• Background information to provide context. This can be information about the historical setting, people, or events;the society depicted; other works produced by the filmmaker or writer; key ideas involved in the work (e.g. political, philosophical, or artistic ideas), and production history.

• Comparison/ Contrast with other similar works, with the source material, with sequels or prequels, etc.

• Classification/Division: a work can be placed in a class, such as a particular genre (e.g. sci-fi, historical drama, documentary, French New Wave) and then distinguished from other items in that category. 

• Reception: How the film was received by audiences and/or critics; awards it has won.

• Analysis: Discussion of how the film works, what makes the characters tick, what the film says about the society that produced it, why audiences responded as they did, etc.

• Narrative: Sometimes a story of the reviewer’s experience with the film or the issue it depicts is relevant and interesting. For example, a war movie reviewed by a soldier who fought in it or a refugee who fled from it has an added emotional heft if the reviewers discuss their experiences, particularly while evaluating the film’s authenticity.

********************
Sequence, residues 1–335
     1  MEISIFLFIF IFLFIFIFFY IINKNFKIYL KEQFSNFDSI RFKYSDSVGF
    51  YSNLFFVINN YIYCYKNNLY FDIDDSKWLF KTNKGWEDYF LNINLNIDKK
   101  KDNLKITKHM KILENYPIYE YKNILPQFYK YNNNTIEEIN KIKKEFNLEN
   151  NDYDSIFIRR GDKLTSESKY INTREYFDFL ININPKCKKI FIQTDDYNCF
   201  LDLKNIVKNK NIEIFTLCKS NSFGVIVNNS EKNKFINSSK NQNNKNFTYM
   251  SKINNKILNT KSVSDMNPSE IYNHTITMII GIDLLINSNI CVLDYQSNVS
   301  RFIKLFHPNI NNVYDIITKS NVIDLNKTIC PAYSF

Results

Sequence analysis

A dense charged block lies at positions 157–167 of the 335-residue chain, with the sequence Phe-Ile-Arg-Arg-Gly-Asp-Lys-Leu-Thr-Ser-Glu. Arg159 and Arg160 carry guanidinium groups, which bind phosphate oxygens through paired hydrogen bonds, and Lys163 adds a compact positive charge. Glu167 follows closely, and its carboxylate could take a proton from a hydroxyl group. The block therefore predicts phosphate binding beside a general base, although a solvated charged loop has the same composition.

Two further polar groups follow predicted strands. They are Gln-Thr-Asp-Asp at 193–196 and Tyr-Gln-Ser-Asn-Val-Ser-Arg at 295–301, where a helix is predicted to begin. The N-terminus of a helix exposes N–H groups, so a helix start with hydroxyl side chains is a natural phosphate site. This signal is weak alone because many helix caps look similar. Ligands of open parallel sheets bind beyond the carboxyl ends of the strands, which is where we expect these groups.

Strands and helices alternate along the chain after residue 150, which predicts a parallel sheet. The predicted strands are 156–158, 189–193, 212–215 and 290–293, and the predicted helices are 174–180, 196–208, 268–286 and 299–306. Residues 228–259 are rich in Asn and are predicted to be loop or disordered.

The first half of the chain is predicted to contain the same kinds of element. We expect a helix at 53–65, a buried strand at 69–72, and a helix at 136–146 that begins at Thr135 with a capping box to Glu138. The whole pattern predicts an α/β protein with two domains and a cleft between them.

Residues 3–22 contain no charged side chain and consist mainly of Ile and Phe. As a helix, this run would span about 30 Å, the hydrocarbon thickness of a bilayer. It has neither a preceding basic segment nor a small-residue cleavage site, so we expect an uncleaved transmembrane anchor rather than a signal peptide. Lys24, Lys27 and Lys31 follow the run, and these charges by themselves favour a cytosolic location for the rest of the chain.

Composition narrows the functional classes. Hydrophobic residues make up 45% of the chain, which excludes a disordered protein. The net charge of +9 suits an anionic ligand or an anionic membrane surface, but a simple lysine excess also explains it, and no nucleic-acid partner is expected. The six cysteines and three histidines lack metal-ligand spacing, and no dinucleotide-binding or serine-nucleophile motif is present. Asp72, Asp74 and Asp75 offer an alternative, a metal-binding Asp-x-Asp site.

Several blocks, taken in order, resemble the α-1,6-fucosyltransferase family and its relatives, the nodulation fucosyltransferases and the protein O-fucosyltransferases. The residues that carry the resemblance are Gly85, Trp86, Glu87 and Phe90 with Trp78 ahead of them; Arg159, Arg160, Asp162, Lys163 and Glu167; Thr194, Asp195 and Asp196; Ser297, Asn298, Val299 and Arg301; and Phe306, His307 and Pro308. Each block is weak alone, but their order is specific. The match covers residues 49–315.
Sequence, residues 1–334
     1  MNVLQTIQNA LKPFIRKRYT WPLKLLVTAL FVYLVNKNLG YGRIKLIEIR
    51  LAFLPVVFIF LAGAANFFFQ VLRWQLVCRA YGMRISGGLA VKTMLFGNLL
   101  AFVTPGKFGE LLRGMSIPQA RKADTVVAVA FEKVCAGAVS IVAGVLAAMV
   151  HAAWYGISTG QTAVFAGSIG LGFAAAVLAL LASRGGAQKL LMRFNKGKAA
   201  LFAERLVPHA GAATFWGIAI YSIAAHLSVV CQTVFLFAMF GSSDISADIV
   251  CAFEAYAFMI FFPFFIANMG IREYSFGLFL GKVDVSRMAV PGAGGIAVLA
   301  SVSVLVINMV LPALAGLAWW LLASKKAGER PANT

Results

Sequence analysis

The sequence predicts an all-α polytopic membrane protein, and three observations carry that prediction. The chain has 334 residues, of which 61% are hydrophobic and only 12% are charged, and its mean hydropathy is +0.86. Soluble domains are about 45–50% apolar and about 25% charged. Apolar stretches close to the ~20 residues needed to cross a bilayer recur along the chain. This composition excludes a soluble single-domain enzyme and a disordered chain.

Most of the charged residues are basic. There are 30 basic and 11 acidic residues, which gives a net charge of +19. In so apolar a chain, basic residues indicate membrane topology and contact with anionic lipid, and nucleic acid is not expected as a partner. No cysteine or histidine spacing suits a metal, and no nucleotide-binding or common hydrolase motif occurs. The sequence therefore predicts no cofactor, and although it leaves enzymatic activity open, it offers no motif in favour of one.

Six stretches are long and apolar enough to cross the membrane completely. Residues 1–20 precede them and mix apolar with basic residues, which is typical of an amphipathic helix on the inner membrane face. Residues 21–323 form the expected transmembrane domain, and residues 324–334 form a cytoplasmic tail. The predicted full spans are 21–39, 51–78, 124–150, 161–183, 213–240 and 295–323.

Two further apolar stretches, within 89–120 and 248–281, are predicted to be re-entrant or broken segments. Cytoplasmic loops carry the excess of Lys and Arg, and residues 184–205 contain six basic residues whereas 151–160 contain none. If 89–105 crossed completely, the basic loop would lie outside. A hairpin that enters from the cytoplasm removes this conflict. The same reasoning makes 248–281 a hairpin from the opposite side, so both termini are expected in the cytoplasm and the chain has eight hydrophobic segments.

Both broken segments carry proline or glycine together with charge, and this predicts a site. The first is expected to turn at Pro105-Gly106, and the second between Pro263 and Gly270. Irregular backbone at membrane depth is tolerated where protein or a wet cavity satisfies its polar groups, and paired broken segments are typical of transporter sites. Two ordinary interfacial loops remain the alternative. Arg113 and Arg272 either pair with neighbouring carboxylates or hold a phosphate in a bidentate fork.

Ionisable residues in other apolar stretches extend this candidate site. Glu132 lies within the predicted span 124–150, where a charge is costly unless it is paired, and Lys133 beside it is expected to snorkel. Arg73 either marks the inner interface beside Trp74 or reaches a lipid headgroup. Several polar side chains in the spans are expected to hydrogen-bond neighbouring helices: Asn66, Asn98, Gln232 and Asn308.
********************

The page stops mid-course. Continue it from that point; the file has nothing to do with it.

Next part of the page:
Mini-review for Analysis: How many of the above elements can you find in Mark Kermode’s 1-paragraph review of Slumdog Millionaire, which he published when the DVD came out?

With its “feelgood film of the decade” status assured and a best film Oscar under its belt, it’s easy to forget just how grim Slumdog Millionaire (2008, 15, Pathe £19.56) really is. Yet despite a ludicrously misleading advertising campaign, Danny Boyle’s cross-cultural masterpiece is unflinching in its ground-level depiction of the streets of Mumbai in which homeless children are abused and exploited while TV screens spew forth win-a-million fantasias. It’s a credit to the film-makers that Slumdog is such an uplifting experience, with Boyle focusing on the vitality of the human spirit just as he did in Trainspotting, even as his characters are literally plunging down life’s lavatory. Anthony Dod Mantle’s vibrant camera races from gutters to rooftops, injecting life into the squalor – there’s nothing “abject” about this poverty – while AR Rahman’s score keeps the heart pumping and the pulse racing. Full Monty screenwriter Simon Beaufoy works wonders with Vikas Swarup’s source novel and the cast, led by Skins star Dev Patel, rise to the challenge with aplomb. Honestly, it’s hard to remember a better “best film.”

Chase your Dream @Cineaste